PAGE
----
- Museum number
- Object: The property tax- civic champions- or the darling in danger.
Plate from the 'Scourge', ix, frontispiece. After the title: '—"Make not a City feast of it, to let the meat cool, ere we can agree upon the first cut." Timon' [iii. 6]. On the left, in front of Guildhall, four Aldermen and Councillor Waithman scourge with birch-rods a hairy monster wearing a belt inscribed 'Property, Ta[x]' who flees before them. It has a tigrine head, a quasi-human body, and the feet of a bird of prey. From its belt hang empty bags. Alderman Wood wears armour; he takes two rods from bundles on the ground tied by a ribbon inscribed 'Smart Argument'. His helmet and the City shield lie against the bundles. Waithman, behind the others, sings:
"Since now there's Pax,
This Monster, Tax,
We'll worry from our plain Sir"
"Well said efaith man,
So friend Waithman,
I'll second with might & main Sir"
Two others sing:
"I'll tickle his rump
Tho he's so plump,
And makes in our bags such a racket"
"If he wont Jog,
We still must Flog,
And at last we shall pepper his jacket"
[Lines adapted from O'Hara's burletta 'Midas', 1762, cf. No. 7498.] On the right the ghost of Pitt (cf. No. 11895) advances from the flames of Hell to defend the tax. He is emaciated, wears white draperies, and rides on Cerberus, who gallops forward. His saddle-cloth is bordered with an inscription 'Taxation Botheration Vexa[tion]'; on it the Royal Arms are faintly suggested. Pitt's words arise from his mouth on a dense cloud of smoke:
'Desist ye frantic Civic bands
Nor on my darling lay your hands
My Spirit stalks St Steven round,
Inspiring Statesmen in their dreams,
To counteract mad Patriots schemes,
And this remember by the bye!
Although I'm dead, I'll never die'
His head is the centre of rays inscribed: 'Income', 'Property', 'Comissioners', 'Collectors', 'Informers', 'Assesors', 'Distraining', 'Poverty'. Two figures emerge with him from Hell, surrounded by smoke. One gnawing a bone is Famine, the other with a dagger in each hand is Sedition or Discord. Three winged heads fly above and behind Pitt: an old woman's, surmounted by bars of 'Soap'; an old man's, by a bunch of 'Candles', and a head topped by a shoe, 'Leather Tax'. Below these and just behind Pitt a gnome bestrides a bat-like monster. He wears a conical cap inscribed 'Secret[ary]', and holds an open book and a pen; he says: "I'll book these refractory Cits."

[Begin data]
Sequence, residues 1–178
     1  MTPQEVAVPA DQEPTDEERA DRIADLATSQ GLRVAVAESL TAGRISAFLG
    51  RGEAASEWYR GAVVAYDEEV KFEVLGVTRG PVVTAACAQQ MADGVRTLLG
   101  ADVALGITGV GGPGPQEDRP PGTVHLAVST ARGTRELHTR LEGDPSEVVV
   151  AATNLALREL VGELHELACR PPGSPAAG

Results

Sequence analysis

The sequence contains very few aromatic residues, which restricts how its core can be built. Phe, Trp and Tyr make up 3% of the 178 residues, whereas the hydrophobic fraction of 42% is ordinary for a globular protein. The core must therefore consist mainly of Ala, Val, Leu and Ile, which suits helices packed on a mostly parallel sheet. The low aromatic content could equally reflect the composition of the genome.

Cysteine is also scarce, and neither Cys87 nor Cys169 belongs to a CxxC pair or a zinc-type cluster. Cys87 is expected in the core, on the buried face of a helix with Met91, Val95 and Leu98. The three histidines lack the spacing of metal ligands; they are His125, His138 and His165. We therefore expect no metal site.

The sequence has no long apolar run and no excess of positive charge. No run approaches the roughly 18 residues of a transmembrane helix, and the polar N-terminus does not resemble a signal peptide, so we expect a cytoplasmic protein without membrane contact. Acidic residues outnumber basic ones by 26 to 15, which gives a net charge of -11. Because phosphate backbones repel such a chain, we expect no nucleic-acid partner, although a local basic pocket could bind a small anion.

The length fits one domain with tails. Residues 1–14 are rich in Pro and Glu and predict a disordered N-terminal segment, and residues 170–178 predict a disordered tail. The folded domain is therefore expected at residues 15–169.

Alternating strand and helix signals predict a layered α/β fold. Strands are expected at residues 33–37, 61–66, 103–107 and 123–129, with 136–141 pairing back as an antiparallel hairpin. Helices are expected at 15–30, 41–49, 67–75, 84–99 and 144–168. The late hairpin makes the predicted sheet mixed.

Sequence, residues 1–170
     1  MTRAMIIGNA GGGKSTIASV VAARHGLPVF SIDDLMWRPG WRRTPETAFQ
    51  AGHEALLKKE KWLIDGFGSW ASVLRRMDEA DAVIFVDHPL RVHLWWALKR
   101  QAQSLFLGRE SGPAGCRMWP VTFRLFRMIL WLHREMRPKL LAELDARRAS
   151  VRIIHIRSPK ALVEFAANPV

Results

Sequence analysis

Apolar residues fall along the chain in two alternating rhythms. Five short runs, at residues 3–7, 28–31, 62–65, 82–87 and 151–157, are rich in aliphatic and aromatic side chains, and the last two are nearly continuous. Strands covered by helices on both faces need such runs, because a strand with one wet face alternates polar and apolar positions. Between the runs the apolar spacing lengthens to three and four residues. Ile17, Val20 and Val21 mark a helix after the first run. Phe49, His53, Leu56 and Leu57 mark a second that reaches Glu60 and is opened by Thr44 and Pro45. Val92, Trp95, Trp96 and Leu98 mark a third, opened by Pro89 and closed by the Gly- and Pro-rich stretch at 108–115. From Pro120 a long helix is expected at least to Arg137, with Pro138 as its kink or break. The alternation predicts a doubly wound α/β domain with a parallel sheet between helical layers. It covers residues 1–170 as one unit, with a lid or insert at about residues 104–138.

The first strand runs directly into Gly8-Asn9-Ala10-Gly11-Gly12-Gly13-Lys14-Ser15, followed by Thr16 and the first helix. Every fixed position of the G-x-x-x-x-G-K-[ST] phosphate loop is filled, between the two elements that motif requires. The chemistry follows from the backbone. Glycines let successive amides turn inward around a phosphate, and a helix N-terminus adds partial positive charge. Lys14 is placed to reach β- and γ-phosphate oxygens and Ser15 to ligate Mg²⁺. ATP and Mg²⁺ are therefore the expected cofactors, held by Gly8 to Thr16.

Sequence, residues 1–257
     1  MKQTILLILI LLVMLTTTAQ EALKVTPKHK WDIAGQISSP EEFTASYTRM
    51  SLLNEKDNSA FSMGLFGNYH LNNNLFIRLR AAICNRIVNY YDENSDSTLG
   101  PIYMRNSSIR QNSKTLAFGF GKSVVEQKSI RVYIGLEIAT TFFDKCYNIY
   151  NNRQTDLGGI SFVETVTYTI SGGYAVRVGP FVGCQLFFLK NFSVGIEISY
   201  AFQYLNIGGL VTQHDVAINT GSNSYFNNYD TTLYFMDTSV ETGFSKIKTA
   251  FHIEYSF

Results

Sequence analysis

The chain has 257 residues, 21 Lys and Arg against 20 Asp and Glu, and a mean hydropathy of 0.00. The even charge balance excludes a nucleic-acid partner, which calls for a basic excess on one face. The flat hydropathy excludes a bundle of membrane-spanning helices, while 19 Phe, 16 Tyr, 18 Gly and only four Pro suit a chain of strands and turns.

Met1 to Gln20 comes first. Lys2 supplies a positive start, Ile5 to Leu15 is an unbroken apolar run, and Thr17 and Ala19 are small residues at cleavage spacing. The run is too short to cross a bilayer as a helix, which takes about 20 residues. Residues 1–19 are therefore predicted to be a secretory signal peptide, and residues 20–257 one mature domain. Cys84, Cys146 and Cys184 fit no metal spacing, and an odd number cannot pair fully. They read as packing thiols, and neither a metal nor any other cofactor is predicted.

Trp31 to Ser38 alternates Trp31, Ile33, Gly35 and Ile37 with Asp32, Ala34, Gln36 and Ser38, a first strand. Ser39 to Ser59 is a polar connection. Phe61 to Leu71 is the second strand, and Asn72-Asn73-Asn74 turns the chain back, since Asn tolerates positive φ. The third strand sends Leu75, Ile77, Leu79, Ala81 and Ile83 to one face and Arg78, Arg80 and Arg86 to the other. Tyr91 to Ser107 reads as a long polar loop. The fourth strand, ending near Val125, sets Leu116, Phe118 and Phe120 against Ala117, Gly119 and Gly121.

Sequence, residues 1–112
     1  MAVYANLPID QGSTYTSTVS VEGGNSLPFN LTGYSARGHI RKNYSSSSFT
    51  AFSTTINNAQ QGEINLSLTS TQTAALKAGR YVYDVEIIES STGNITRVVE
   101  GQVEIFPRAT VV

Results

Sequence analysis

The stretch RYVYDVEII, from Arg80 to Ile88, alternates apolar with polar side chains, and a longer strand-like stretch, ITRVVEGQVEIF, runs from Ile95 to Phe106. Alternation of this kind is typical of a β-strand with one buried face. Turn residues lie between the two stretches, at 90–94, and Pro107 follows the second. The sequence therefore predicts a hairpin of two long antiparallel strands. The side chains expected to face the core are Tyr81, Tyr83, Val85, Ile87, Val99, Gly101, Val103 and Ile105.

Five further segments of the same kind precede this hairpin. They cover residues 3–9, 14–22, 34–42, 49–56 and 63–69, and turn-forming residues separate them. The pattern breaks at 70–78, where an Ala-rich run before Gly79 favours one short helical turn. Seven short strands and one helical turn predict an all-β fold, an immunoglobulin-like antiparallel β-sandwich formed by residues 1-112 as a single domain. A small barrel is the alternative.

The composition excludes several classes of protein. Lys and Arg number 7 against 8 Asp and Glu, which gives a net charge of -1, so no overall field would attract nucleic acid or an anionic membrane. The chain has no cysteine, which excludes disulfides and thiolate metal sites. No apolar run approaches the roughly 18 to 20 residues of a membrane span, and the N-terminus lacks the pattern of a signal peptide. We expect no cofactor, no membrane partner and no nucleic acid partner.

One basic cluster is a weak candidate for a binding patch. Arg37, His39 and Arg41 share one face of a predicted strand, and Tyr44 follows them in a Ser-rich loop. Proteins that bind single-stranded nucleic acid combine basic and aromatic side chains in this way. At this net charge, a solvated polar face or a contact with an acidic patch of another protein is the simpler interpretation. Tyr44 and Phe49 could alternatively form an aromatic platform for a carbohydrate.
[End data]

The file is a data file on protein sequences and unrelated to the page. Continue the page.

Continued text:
Between the two groups stand five persons, three looking towards Pitt, the others towards the Monster. In the foreground John Bull, plump but ragged, his pockets inside out, his hat and wig on the ground, extends his arms to ward off the ghost, exclaiming, "How say you? Why what care I! Are not my pockets emptied? Avaunt and quit my sight, Hence, unreal mock'ry, and Let me be a Man again." Curtis, in the comic nautical dress of the Walcheren prints (see No. 11353) holds out to Pitt a steaming bowl of 'Turtle'. He says: "I have no hand in this business I assure you Sir! its only the Americans that deserve a little flogging, take a little soup after your ride Sir!" A terrified Alderman, hair on end, puts his hands on Curtis's shoulders, saying, "Dear me how familiar you are with a Ghost Billy for my part my hair stand and, tell him I have not had a cut at the darling." Behind John stands Whitbread, arms raised; he shouts: "Run Monster, run Van I would not give one of my old butts for him." (Vansittart is not depicted.) A little man whose neck is joined to his breeches showing he is Nobody (see No. 12438, &c.) says to the Monster: "Nobody pities you upon my honor."
2 January 1815
- Production date
Height: 210 millimetres
Width: 513 millimetres
- Curator's comments
- (Description and comment from M. Dorothy George, 'Catalogue of Political and Personal Satires in the British Museum', IX, 1949)
On 13 Dec. at a meeting of the Common Hall, the most democratic body of the Corporation, to petition against a continuation of the Income Tax, resolutions were carried unanimously that the City M.P.s should present the petition. Waithman conducted the business and received a vote of thanks. Other speakers included Curtis who 'was occasionally laughed at'. 'Examiner', 18 Dec. 1814. The tax was 'Pitt's child', cf. No. 10557. News of peace with America, signed 24 Dec. at Ghent, reached London on 36 Dec. Many petitions against the Income Tax were being prepared for the meeting of Parliament, see Nos. 12507, 12556, 12750, &c.
- Not on display
- Acquisition date
- Prints and Drawings
- Registration number